On the Implications of the Recent Muhammad Film

This was originally written on September 11 on the day of the attacks on the US Embassy in Cairo, Egypt. Some sections were updated to reflect the changes in the story.

After wading through and digesting the scores of reports on yesterday’s protest at the Egyptian Embassy, I stopped and thought about what all this really meant.

I watched this film only once because as a student of film and theology, I couldn’t put myself through a second viewing.  I am not Muslim but I was offended and angered. It is a poorly executed and constructed film. There is neither plot nor story. Everything centers around the consistent, thoughtless, and sustained humiliation of the Prophet Muhammad. I only watched the original English version first, then saw clips of the version dubbed in Egyptian Arabic. I can immediately say that there are both immigrant and native Egyptians involved in making this film; we can see the immigrants acting and we can see the natives lace the Arabic dub with references to Tahrir Square. This saddens and angers me but this won’t restrict me from commenting on this later.

This film, regardless of whether it was made by an Israeli Jew or an Egyptian-American Christian, is nothing more than political and social pornography. I could say that today is the birthday of such pornography. This is every anti-Islam bigot’s wet dream. The film takes the collective thoughts, emotions, feelings, and rage of any and every Christian who’s ever hated Islam, Muhammad, or Muslims, and compacted it into 13 minutes of pure cinematic garbage. It’s as if the writer sat in on an Islam-bashing session with Egyptian Christians or fanatic American Christians and documented with precise detail the comments made. But through the trite excuse of a film, you can see globules and chunks of human shit: hate, disrespect, and unadulterated disdain for another man’s religion.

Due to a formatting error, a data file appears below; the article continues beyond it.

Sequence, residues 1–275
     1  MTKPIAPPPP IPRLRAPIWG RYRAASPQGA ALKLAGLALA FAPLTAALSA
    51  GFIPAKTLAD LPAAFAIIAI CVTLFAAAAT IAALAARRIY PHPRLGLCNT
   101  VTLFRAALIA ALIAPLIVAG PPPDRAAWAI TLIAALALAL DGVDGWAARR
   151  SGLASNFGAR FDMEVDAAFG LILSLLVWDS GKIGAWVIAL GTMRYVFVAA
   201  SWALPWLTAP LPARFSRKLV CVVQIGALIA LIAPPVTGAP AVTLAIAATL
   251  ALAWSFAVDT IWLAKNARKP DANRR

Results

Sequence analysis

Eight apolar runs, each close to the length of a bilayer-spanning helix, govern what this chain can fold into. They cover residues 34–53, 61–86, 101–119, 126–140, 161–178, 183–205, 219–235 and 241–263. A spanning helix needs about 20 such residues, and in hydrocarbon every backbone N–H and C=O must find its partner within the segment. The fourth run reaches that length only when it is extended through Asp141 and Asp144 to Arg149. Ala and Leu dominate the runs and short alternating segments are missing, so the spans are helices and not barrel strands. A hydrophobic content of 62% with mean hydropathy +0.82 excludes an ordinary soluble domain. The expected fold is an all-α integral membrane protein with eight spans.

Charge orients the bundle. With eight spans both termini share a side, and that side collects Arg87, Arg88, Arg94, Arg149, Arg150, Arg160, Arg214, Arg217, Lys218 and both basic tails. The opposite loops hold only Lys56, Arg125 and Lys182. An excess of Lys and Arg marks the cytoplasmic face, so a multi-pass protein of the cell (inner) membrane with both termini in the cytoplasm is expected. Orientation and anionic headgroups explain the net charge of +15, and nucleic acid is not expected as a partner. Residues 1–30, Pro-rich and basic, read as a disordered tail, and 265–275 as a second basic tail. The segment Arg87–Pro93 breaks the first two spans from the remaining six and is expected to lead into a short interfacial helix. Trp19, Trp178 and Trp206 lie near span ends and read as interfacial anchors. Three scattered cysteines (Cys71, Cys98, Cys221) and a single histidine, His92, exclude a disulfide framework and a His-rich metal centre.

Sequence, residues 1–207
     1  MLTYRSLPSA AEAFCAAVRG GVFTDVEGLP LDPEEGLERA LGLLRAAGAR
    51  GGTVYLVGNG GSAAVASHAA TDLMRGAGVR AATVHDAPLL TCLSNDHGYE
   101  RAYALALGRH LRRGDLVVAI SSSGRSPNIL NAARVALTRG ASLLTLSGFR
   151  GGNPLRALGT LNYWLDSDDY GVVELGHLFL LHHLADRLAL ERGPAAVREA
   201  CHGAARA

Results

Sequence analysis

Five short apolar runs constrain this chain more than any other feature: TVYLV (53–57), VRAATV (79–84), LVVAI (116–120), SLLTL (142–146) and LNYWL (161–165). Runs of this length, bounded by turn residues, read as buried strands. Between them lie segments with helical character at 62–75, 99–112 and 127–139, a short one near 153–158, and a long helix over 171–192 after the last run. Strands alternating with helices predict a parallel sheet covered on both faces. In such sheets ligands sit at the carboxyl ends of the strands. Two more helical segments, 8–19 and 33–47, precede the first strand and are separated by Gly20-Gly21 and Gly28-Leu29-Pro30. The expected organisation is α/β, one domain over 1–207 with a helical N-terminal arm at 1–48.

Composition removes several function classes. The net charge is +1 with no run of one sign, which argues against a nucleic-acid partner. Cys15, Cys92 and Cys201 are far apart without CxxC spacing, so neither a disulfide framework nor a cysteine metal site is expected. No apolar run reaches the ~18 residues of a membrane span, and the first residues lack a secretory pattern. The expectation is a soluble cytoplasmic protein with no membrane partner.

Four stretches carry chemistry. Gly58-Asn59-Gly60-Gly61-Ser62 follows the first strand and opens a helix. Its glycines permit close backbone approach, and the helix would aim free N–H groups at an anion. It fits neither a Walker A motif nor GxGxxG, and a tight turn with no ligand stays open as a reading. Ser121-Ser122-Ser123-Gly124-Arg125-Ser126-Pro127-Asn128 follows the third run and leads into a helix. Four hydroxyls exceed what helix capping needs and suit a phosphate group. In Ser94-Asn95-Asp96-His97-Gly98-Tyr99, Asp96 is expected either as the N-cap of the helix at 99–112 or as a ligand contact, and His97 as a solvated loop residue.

The reaction by the masses at the US Embassy in Cairo yesterday, after watching the film, is understandable. However, I disagree with all of them that the film has caused direct harm to Islam, Muhammad, and them. This is not correct; the film has caused deep offense. And this is what was acknowledged by the US government’s statement after the storming of the embassy, that the “religious feelings of Muslims have been hurt”. The direct harm now is actually the death of US diplomats in the Middle East. You can’t quantify the deep offense caused to Muslims, but you will be able to count caskets of dead American people. This is the epitome of the modern “I’m offended!” phenomenon because it’s happening to a group of people who will exact revenge upon you when offended. This is how they defend the honor of their religion. Whether I agree or not with the reaction, whether the reaction is good for the country, whether their defamatory actions should be decried or not, all frankly fall away because right now we have a far more serious issue at hand.